1. City of bones. My first completed novel of the year, a long time coming. Detective Harry Bosch is back, this time investigating a case that becomes personal. The discovery of a boy’s bones in the hills of LA makes him think back to his days as an orphan in the City of Angels. He also meets a new flame, and love blossoms. However, a blown assignment leaves Harry in so much trouble. This is another oldie, and we’re talking fax machine old. Yet good fiction never ages, and this is a nice example. It’s classic Bosch: twisting mysteries, long police days, a killer who dodges being unmasked. In between there’s delectable dialogue, powerful relationships and killer storylines. Connelly’s an artist at work. Rating: 4.6/5
  2. Imperial Bedrooms (Ellis). The long-overdue sequel to his debut effort, this is a sad look at the state of both LA and its film industry. Eight years before #metoo, the book takes us to the seedy world beyond the silver screen. Clay, the main character from Zero, returns and so does his penchant for violence, drugs, and using people. Twenty years on, he rediscovers the band of yuppies from his former life, attends killer parties, and yet remains hollow inside. He is now a successful screenwriter but uses this to reinforce his narcissism.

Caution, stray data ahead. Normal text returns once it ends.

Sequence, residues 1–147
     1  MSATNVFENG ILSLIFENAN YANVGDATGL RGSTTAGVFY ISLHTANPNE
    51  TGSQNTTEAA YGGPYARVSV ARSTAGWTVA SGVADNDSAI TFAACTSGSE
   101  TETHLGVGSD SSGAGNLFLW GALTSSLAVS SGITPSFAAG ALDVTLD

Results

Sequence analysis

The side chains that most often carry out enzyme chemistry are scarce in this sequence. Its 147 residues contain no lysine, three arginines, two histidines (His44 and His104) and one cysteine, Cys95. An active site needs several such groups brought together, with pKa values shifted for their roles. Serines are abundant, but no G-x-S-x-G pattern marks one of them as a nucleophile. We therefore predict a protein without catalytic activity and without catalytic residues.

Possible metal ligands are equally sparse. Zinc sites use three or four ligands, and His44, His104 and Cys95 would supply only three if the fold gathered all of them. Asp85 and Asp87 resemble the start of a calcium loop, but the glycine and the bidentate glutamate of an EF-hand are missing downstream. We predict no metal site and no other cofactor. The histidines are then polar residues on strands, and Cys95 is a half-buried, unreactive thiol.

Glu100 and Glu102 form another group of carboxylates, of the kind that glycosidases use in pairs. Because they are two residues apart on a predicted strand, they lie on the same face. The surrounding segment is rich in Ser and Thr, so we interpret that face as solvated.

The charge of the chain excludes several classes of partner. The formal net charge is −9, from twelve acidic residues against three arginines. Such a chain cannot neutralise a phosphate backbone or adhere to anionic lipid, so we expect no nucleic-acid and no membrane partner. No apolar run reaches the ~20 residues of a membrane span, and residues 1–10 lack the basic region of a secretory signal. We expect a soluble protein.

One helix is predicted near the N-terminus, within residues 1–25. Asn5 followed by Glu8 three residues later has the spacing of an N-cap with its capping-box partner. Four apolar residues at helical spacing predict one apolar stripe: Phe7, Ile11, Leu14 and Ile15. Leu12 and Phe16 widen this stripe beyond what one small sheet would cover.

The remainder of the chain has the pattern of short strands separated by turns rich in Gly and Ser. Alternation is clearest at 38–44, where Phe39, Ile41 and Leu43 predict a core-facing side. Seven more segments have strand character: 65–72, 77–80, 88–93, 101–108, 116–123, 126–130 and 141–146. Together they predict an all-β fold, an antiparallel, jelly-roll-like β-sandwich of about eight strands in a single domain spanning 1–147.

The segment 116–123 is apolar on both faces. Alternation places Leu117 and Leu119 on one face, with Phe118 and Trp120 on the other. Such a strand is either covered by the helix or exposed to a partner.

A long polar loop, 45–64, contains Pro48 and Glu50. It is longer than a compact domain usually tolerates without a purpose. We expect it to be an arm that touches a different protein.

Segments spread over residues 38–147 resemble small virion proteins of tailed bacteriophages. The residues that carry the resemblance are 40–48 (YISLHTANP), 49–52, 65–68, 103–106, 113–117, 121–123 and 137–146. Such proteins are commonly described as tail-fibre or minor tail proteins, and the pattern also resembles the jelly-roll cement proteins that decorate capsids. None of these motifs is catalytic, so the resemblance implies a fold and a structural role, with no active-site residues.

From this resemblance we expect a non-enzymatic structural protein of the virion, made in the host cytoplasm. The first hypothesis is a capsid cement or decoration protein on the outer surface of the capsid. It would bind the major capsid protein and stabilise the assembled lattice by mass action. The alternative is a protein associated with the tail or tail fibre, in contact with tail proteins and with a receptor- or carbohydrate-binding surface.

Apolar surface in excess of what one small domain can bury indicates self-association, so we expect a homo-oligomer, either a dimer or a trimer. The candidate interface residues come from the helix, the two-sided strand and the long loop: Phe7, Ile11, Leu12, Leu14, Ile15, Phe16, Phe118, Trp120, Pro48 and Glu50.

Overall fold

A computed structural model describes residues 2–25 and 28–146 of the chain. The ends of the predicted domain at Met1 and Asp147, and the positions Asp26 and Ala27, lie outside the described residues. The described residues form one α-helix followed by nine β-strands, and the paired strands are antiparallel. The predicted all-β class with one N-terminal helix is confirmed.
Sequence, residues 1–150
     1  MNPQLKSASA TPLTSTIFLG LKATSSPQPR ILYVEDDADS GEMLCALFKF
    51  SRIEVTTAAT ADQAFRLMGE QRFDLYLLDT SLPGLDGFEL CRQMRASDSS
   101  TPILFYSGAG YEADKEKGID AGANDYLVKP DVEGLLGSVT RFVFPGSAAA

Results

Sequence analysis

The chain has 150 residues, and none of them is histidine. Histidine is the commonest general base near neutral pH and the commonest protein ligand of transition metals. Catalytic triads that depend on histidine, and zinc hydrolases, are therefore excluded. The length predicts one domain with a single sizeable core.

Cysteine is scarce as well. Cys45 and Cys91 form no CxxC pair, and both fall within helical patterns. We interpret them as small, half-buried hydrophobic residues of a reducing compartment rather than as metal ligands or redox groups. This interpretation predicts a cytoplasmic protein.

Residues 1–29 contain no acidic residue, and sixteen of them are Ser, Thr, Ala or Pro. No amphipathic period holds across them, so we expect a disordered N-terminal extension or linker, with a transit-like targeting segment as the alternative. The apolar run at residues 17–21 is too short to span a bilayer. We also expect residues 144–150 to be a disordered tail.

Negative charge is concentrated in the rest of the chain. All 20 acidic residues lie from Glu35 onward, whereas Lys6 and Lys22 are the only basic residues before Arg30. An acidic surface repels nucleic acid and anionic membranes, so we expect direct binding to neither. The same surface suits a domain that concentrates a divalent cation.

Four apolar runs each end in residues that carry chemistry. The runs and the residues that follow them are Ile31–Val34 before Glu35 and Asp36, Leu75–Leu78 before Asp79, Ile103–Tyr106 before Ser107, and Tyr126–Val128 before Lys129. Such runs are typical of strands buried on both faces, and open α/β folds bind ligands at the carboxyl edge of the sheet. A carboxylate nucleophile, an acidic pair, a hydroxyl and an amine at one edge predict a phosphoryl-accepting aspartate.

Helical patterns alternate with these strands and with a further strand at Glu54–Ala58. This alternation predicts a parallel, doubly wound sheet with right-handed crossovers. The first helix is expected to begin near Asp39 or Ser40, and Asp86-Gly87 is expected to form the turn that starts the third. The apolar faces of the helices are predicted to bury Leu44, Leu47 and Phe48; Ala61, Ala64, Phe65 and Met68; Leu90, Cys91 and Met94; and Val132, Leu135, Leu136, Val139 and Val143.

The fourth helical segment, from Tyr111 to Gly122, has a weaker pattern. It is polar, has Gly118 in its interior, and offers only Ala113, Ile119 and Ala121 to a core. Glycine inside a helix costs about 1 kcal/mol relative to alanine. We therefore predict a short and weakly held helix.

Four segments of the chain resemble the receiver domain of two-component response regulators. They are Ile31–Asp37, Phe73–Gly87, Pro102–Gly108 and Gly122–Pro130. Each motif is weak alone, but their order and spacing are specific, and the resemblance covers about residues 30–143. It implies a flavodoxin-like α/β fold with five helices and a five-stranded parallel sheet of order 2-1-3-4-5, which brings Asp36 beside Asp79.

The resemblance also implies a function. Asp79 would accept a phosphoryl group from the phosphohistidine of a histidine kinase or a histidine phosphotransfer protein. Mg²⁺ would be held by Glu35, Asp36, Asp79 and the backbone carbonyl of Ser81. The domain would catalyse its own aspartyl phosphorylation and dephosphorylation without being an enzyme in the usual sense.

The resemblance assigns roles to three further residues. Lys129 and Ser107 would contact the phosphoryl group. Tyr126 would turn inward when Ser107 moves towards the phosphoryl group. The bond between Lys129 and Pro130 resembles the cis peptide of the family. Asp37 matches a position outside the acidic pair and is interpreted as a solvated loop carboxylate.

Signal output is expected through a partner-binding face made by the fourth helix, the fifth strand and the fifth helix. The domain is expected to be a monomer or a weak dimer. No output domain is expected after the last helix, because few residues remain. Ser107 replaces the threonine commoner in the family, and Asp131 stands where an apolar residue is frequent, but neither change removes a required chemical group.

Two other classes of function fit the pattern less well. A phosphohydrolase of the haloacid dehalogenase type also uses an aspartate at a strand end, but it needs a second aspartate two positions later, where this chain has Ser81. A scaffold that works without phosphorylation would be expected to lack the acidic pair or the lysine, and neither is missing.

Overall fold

The upgrade in technology from landlines to smartphones takes a backseat to the nihilistic culture and irreverent style that’s obviously there for shock value. We are brought to Mulholland Drive to glitzy hotels, luxury cars, and film studios. With all the drama surrounding Clay and company, the stage was set for a monumental finish. This was my third Ellis novel and I could see the parallels between his works. American Psycho was clearly his opus; everything goes downhill from there. This book had its moments though, and I can understand how a critic noted how it’s his ‘most compulsively written book in decades’. And it is short: at 178 pages, I was done after a few days. Rating: 3.9/5